The parents of Chris Jenkins were always certain that he had been murdered. But authorities initially concluded that Jenkins, 21, who was pulled out of the Mississippi River in Minneapolis after he went missing during a night of drinking in 2002, had probably been the victim of an accidental drowning. Police now agree that his death was a homicide, but his family is convinced that the whole truth is far more sinister: They firmly believe that Chris, a student at the University of Minnesota, was slain by a gang of serial killers operating in the Midwest and Northeast. “He was murdered, and his body was dragged and put into another spot in the river,” says Chris’s mother, Jan, “as if he was a piece of trash.”
Now the Jenkins family is pinning its hopes for a break in the case on two retired NYPD cops, Kevin Gannon and Anthony Duarte. Teaming up with criminology professor Lee Gilbertson, Gannon and Duarte began investigating what they saw as a pattern of suspicious deaths in which young men, frequently popular college students, went out drinking and ended up in rivers or lakes, victims of a supposed gang who left spray-painted smiley faces at the scene as their macabre signature. In all, they found at least 40 cases, spanning 25 cities in 9 states, many of them in Wisconsin and Minnesota, that fit the pattern, dating back as far as 11 years. (Except for the Jenkins case, none have been classified as homicides.) If a band of serial killers sounds farfetched, Gannon and Duarte—whom one former NYPD source calls “solid and level-headed”—say they have amassed enough evidence to prove at least several cases. They also claim to have an informant close to the gang and that they know of a motive, which they have declined to disclose. “It appears that in some cases they are going online and are specifically targeting these individuals,” says Gannon of the gang, “the way a real serial-type killer would, who hunts his victims and takes real pride in what he does.”
Some local police officials have been politely skeptical of the two. “I thought they were credible people and credible investigators,” says Minneapolis Police Chief Tim Dolan, who met with the pair and says that their information “does not conflict” with anything in his department’s files on the Jenkins case. But they offered nothing new, he adds, that would stand up in court. Other officials are more blunt in their dismissal. “I never want to close the door on anyone with evidence, says Police Chief Jerry Matysik of Eau Claire, Wis., where Gannon and Duarte cite a cluster of three victims. “Unfortunately when we asked them for specifics, I heard theory or conjecture, not evidence.”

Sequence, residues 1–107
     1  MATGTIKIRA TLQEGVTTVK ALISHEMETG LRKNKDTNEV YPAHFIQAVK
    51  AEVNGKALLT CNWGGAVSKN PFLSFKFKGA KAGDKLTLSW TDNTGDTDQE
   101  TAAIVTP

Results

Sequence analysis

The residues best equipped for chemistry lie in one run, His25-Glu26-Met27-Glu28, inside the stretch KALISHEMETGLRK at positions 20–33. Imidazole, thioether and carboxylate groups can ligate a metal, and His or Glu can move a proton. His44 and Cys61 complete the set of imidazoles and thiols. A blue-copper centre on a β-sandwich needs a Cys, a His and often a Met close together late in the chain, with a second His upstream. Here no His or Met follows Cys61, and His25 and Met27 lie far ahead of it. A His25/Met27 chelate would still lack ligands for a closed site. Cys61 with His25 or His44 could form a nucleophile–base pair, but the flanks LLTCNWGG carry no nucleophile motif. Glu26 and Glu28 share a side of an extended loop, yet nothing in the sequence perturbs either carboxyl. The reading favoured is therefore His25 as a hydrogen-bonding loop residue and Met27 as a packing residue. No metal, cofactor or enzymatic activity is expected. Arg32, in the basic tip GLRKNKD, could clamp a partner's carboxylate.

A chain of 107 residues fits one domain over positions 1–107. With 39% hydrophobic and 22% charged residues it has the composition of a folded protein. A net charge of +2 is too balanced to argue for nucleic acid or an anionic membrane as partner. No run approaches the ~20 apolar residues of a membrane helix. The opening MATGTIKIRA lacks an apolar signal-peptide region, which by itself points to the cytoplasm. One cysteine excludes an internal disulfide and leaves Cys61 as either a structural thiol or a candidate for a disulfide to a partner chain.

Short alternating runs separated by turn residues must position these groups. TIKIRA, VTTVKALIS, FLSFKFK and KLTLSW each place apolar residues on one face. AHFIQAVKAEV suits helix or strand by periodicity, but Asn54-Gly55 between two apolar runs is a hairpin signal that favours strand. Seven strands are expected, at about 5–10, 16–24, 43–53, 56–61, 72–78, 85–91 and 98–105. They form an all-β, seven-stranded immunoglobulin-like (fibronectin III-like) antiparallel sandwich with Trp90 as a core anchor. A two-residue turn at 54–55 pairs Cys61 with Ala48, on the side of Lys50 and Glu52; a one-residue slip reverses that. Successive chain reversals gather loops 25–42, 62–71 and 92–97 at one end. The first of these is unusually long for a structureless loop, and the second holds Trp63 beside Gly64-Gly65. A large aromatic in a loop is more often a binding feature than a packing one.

Gannon, 53, first got on the trail when, as a detective in New York, he investigated the 1997 drowning of Patrick McNeill, 20, who was found in the water near Brooklyn. The death was ruled accidental, but Gannon was convinced that the currents could not have brought McNeill from Manhattan to that spot without injury. He promised McNeill’s parents he would get to the bottom of the case. Then in 2002, after his retirement from the NYPD, Gannon saw a CNN report about a spate of similar drownings in Minnesota that roused his suspicions. “It’s just preposterous,” he says, “to think that all these young men came out of bars and walked into the water.”
Along with his ex-partner Duarte, 50, Gilbertson and Adam Carlson of St. Cloud State University in Minnesota, who had also noticed a pattern of suspicious drowning deaths, Gannon began probing those and other incidents. Traveling at their own expense to the different cities, they found that while most of the 40 victims had been drinking, some had not. They also came across similar graffiti at all 40 locations where they believed the young men had been put in the water. More than a dozen sites had similar looking smiley faces, while others had variations of 12 distinctive sets of symbols. But as Gannon stresses, there is more to their case than graffiti. They point out, for instance, that Joshua Snell, 22, a college student who drowned in Eau Claire in June 2005, talked to a friend on the night of his disappearance, saying that he was scared and being pursued by people he didn’t know. Joshua’s brother Jon says the police shrugged off the call. “They think he got hot and wanted to go for a swim,” says Jon. Reluctant to take issue with Snell’s grieving family, Eau Claire Police Chief Matysik says the call was fully investigated and that “the family may interpret it as diabolical, but he’d been drinking; he might have been disoriented.”
In fact, the idea of a serial killer has been bandied about the region for several years. In La Crosse, Wis., where Gannon and Duarte have identified eight young men who drowned in local rivers since 1997, officials have periodically confronted public fears that a predator was at large. In an effort to allay concerns, officials brought in the FBI to conduct more tests and to review the available information on the cases. After all that, the bureau came up with the same result as the local cops: The men—most of whom had high levels of alcohol in their bodies—were victims of accidents, not foul play.
Though some parents of victims cited by Gannon and Duarte—who now say they need money to continue their investigation—reject the serial-killer theory, others are hoping that a fresh look at the cases will yield results. “I guess this is the only hope we have to find out who did it and why,” says Cindy Herr, of Sheboygan, Wis., whose son Nathan, 21, was found drowned on the shore of Lake Michigan five years ago. “That’s the big thing: to answer the why.”